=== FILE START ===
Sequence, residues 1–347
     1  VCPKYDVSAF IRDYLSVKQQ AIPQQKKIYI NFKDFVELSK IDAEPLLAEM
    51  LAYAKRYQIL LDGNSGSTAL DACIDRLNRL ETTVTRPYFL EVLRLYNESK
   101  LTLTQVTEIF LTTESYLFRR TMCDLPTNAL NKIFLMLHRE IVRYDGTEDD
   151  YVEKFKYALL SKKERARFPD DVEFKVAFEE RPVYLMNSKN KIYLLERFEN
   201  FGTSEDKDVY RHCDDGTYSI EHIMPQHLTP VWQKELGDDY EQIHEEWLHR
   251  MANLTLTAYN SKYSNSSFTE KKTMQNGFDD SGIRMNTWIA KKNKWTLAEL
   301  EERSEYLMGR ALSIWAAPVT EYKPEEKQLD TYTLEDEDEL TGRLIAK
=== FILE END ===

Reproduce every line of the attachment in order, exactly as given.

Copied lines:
Sequence, residues 1–347
     1  VCPKYDVSAF IRDYLSVKQQ AIPQQKKIYI NFKDFVELSK IDAEPLLAEM
    51  LAYAKRYQIL LDGNSGSTAL DACIDRLNRL ETTVTRPYFL EVLRLYNESK
   101  LTLTQVTEIF LTTESYLFRR TMCDLPTNAL NKIFLMLHRE IVRYDGTEDD
   151  YVEKFKYALL SKKERARFPD DVEFKVAFEE RPVYLMNSKN KIYLLERFEN
   201  FGTSEDKDVY RHCDDGTYSI EHIMPQHLTP VWQKELGDDY EQIHEEWLHR
   251  MANLTLTAYN SKYSNSSFTE KKTMQNGFDD SGIRMNTWIA KKNKWTLAEL
   301  EERSEYLMGR ALSIWAAPVT EYKPEEKQLD TYTLEDEDEL TGRLIAK